Catholic employers have been navigating state birth control laws for years, reports Louise Radnofsky: "Roman Catholic employers are pushing back against an impending federal mandate on contraceptive coverage partly because the rule would remove an escape hatch that let them opt out of similar state laws that passed in earlier years. The Obama administration's decision requiring that employers, including large Catholic institutions, provide contraception coverage without out-of-pocket costs in their insurance plans has prompted calls by bishops to overturn the regulation. The Senate is set to vote Thursday on a proposal to effectively reverse the decision. But there was less outcry when states first passed laws with similar requirements in the 1990s, according to legislators and some Catholic institutions. A large reason for the difference is that employers were able to opt out of the state requirements by choosing to self-insure--a coverage model in which an employer assumes responsibility for its own health costs."
@pourmecoffee: The Senate's 83 men and 17 women will vote tomorrow on the Blunt Amendment to limit access to contraception.
More states asked for NLCB waivers, reports Stephanie Banchero: "Twenty-six more states asked to be excused from key requirements of the No Child Left Behind Act, an exemption that would curb the education law's impact considerably. The states, from Washington to Mississippi to New York, were joined by the District of Columbia. Last month, the Obama administration granted waivers for all 11 states that applied in the first round. If it grants waivers to all the new applicants, three quarters of the states would be exempt. Signed into law with bipartisan support in 2002, No Child Left Behind is now reviled by Republicans, who say it gets the federal government too involved in education, and by Democrats, who complain that its rigid definitions of performance have seen almost half the nation's schools listed as failures. But Congress has been unable to agree on an overhaul. In response, the administration decided to let states get around central tenets of the law, such as ensuring that 100% of students pass reading and math exams by 2014."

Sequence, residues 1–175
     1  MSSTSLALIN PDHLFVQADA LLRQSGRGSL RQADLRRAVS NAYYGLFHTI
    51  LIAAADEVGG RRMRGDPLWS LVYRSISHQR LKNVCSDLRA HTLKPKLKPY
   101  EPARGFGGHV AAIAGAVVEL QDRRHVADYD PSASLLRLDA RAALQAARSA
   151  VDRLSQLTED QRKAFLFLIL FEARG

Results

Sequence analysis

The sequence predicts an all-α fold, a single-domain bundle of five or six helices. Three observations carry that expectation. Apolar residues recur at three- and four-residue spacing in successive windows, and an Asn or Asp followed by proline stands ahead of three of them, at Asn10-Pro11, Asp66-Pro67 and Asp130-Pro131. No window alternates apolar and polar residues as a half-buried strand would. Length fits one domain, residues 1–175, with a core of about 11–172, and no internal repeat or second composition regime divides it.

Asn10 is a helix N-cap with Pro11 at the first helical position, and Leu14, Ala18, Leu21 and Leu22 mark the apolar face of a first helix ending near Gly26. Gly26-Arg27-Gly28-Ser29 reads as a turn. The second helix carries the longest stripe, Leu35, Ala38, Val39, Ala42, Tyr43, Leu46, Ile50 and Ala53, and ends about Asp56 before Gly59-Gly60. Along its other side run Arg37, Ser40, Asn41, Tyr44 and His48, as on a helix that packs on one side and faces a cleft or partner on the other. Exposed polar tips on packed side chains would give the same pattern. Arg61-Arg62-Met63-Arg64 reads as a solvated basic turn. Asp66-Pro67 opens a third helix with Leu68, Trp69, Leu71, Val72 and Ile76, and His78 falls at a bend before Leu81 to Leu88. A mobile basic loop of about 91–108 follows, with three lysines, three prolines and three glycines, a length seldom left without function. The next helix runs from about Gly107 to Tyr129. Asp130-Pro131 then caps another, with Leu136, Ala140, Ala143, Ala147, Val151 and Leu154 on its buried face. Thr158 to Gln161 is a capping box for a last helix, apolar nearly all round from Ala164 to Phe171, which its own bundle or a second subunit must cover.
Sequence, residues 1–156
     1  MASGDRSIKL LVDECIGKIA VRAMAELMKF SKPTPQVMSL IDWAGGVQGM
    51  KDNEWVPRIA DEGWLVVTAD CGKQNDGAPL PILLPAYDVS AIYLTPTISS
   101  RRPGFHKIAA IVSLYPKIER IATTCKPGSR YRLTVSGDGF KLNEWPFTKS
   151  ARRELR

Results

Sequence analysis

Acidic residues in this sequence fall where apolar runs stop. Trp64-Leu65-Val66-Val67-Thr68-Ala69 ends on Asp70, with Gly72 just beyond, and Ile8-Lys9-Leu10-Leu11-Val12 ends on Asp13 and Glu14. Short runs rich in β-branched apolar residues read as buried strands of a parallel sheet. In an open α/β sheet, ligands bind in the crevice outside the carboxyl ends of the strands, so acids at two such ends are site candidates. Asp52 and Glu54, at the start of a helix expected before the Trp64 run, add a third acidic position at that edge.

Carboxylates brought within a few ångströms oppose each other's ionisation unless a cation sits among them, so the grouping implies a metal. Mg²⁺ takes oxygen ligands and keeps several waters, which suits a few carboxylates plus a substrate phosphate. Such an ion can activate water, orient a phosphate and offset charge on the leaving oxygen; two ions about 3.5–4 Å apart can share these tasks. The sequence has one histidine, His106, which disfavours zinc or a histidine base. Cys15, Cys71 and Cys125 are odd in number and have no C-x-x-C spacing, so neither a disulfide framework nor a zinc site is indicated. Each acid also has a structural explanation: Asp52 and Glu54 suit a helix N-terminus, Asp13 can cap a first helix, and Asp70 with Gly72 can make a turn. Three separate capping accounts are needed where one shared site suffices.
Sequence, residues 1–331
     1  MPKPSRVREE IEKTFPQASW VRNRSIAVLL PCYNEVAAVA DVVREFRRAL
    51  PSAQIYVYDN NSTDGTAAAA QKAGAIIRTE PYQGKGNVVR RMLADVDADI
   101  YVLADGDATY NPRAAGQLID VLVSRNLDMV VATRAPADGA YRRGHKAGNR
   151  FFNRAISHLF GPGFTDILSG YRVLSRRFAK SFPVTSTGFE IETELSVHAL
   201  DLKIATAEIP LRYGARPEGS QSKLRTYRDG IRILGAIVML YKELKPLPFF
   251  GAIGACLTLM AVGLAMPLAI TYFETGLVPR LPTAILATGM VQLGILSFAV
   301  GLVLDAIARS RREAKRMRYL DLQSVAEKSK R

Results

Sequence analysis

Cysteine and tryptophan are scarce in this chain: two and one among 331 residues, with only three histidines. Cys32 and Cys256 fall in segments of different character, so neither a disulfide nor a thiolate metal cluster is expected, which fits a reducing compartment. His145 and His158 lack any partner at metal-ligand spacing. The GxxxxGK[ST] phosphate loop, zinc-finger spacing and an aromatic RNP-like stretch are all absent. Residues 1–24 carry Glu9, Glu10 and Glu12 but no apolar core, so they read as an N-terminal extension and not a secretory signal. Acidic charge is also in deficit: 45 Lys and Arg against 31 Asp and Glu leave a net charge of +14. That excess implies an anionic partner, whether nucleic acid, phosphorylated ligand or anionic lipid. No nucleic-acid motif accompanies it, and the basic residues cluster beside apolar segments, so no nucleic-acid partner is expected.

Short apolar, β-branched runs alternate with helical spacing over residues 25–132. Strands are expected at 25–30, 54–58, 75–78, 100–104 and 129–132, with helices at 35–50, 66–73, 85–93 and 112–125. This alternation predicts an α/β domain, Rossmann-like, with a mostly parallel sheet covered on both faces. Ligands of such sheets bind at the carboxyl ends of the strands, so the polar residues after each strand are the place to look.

Colleges are redoubling their efforts to match students with jobs, reports Steven Greenhouse: "Ever since the deep recession hit four years ago, many colleges have been rethinking their continuing education programs, straining to figure out how best to help the many unemployed Americans who have looked to them as a lifeline. With the unemployment rate still stubbornly high, this rethinking has led to a powerful trend in which many schools, whether prestigious state universities or workhorse community colleges, are trying harder than ever to tailor their continuing-education offerings to where the job openings are -- and where the jobs of tomorrow will be...All told, the nation’s employers have 3.4 million job openings, according to the Bureau of Labor Statistics -- a number of jobs that if filled could cut the unemployment rate, currently 8.3 percent, to around 6 percent."
@irincarmon: Ratio of hourly wage of college grad to HS grad in 1979: 1.5. In 2009, 1.95.
Adorable animals living life to the fullest interlude: A look inside one dog's afternoon.
The EPA's emissions rules are likely to be upheld in court, reports Brent Kendall: "After a two-day hearing, a federal appeals court appeared inclined to uphold key parts of the Obama administration's first-ever rules for reducing greenhouse gases, but it wasn't clear whether the court would endorse the government's entire approach. During three hours of oral arguments Tuesday, a three-judge panel for the Washington, D.C., appeals court made clear that industry challengers faced a uphill climb in attacking the Environmental Protection Agency's 2009 finding that greenhouse gases endanger public health and welfare...The appeals court also appeared ready to uphold the EPA's greenhouse-gas standards for cars. Auto makers sided with the government and supported those rules in court. However, the EPA appeared to have a rockier ride during a second day of court hearings Wednesday that examined the manner in which the agency tailored initial greenhouse-gas permitting rules for power plants and other industrial facilities."
The House GOP may introduce an 18-month transportation bill, report Burgess Everett and Adam Snider: "House leaders are 'having conversations' with members about an 18-month transportation bill, an aide with GOP whip Kevin McCarthy (R-Calif.) confirmed Wednesday...The proposal now undergoing whip counts will likely come in below the Senate’s $109 billion bill and walk back the controversial decision to eliminate dedicated federal transit funding from the Highway Trust Fund. The bill would also likely retain project streamlining provisions and a link to increased domestic energy production, a GOP leadership aide confirmed. It still might not be an easy sell to an often fractious Republican conference. A source with knowledge of the count said the whip check was a 'bit bumpy.'"
Wonkbook is compiled and produced with help from Karl Singer and Michelle Williams.